Wednesday, June 22, 2005


Intergovernmental Oceanographic Commission (IOC)
International Geological Correlation Programme (IGCP)
International Hydrological Programme (IHP)
Man and the Biosphere (MAB) Programme
Management of Social Transformations (MOST) Programme

Fifth meeting of the Steering Group of the five Chairpersons
(Paris, 30 September-1 October 2003)

The role of the Steering Group of the Chairpersons of the five scientific programmes is to guide collaboration and synergy among the five intergovernmental and international scientific programmes.

The Steering Group, at its fifth meeting on 30 September and 1 October 2003, affirms UNESCO’s unique position for helping governments to address today’s complex environment and development issues.

The Steering Group acknowledges that the outcomes of the WSSD and related Millennium Development Goals continue to provide a strategic vision for the five scientific programmes, and this has been reflected in document 32 C/5. The five programmes are united by the common theme of sustainability.

While the setting of priorities has affected the level of support for the different programmes, the Steering Group was pleased to note progress in increasing interaction among programmes, for example in relation to the management of the Volga-Caspian region, biodiversity and remote sensing.

Some lessons have been drawn from this experience.

Added value of collaboration

The Steering Group stresses that within the United Nations, the five UNESCO scientific programmes provide the basic scientific underpinning for understanding global change and feeding into policy decision-making on sustainable development. Collaboration among the five programmes is a considerable asset to implement issue-driven research within a context of rapid socio-economic and cultural change, and thus is central to the concerns of Member States.

Linking with policy-making

The Steering Group emphasizes the need for more policy-driven research and monitoring in the different programmes. This has two dimensions: research informing policy and policy-orienting research. The use of indicators, the establishment of monitoring systems and performing assessments, are essential for measuring the major trends, and providing feedback to policy-makers on the effectiveness of their decisions.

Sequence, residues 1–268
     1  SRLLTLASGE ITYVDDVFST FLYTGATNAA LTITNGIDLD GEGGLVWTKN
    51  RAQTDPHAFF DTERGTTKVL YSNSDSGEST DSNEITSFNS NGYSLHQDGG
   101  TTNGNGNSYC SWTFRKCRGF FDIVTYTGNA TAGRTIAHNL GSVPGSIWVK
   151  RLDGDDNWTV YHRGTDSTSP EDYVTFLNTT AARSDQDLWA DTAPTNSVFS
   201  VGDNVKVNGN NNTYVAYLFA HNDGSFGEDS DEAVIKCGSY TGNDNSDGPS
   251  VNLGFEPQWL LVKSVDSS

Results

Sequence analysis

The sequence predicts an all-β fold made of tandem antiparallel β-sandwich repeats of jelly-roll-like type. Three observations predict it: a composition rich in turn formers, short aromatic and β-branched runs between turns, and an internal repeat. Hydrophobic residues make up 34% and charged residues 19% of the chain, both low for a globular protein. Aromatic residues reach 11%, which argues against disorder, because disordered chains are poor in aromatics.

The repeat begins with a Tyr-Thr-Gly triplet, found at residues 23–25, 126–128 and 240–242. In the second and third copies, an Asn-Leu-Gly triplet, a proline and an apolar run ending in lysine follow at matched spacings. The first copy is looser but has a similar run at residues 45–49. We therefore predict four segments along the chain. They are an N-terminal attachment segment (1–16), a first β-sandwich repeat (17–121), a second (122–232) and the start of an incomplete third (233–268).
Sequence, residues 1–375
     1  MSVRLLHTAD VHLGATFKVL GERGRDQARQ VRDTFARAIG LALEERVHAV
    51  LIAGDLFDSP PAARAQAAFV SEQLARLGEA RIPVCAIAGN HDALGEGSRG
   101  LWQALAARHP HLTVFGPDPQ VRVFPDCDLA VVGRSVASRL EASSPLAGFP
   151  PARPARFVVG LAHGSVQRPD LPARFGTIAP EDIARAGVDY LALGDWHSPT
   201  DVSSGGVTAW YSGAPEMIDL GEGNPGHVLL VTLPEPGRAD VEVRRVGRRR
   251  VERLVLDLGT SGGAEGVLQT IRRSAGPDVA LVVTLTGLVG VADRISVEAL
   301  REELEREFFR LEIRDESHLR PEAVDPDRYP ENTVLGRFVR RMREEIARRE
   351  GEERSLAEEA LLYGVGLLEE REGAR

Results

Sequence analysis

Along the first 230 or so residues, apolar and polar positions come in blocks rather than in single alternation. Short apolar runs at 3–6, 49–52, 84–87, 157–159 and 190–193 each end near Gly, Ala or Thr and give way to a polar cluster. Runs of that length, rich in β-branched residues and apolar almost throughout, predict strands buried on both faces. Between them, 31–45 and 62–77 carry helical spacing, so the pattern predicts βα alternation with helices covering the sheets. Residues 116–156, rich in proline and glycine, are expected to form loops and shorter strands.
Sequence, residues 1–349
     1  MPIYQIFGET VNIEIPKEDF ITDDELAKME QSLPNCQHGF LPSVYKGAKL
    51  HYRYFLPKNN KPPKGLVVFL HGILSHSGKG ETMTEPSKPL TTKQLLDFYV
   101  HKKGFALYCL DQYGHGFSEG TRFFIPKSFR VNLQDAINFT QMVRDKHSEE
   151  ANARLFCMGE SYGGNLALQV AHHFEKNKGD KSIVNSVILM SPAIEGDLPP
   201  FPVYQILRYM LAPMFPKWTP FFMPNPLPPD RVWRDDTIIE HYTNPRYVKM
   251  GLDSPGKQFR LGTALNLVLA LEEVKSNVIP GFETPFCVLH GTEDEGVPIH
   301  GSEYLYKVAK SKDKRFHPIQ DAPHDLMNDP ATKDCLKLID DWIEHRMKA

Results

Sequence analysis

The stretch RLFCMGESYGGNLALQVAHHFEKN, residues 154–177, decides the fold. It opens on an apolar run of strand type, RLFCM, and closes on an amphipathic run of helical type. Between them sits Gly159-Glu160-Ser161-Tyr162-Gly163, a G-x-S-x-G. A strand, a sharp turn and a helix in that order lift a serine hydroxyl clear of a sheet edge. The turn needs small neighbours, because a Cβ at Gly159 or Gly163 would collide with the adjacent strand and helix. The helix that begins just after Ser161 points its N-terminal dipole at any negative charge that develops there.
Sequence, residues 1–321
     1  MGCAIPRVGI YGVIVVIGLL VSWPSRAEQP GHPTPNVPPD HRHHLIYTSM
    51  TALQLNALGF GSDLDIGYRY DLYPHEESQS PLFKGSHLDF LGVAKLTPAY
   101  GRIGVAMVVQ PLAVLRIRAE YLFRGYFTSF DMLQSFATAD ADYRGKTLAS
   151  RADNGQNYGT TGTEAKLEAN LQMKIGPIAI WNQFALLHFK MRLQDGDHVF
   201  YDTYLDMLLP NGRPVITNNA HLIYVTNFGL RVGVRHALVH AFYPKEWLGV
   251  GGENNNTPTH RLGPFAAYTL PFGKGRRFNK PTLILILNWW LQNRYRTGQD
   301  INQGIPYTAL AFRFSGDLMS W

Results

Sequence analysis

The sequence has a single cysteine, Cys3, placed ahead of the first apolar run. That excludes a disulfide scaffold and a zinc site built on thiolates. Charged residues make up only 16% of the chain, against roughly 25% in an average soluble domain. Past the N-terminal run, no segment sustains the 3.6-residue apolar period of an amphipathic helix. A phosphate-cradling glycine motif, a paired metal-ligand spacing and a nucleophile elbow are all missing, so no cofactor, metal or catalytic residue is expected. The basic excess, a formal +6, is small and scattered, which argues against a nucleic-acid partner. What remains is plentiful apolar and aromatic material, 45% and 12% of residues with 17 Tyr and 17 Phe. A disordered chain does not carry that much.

Mechanisms and inducements

The Steering Group is of the view that collaboration between the five science programmes and genuine multidisciplinary engagement will be optimized only if appropriate mechanisms are established that will serve as an inducement. This may involve consideration of partial joint financing.

This leads to the question of governance.

The Steering Group considers that the expertise of the intergovernmental councils guides and should continue to guide the scientific contents and the operational structures at various levels of each programme. These are reflected in the draft C/5 document. The role of the secretariats for facilitating the implementation of the programmes and their interaction is reaffirmed. The Steering Group enumerated several substantive items for collaboration in the short and medium term:
1. The need for UNESCO, in cooperation with ICSU, and other United Nations programmes and agencies, to provide a framework for the data management components of the Earth Observation Systems. This will open many opportunities, for example in coupling these systems with socio-economic parameters and data sets, in reaffirming government implications in these systems, and in helping to translate theirresults more directly into government policy.

2. Joint activities in specific geographic regions, where possible benefiting from the MAB World Network of Biosphere Reserves. Examples mentioned included threatened wetlands such as the Polessia region in Eastern Europe, plus the possibility of joint action in the Caribbean, in West African coastal areas, and in drylands.

3. The endorsement and participation of the five programmes in the proposed UNESCOIUGS International Year of Planet Earth (2005-2007). The desirability of joint action in relation to the International Polar Year (2007-2008) was also identified.

4. Capacity-building, in the context of the United Nations Decade on Education for Sustainable Development, for which UNESCO is the lead agency, was stressed.

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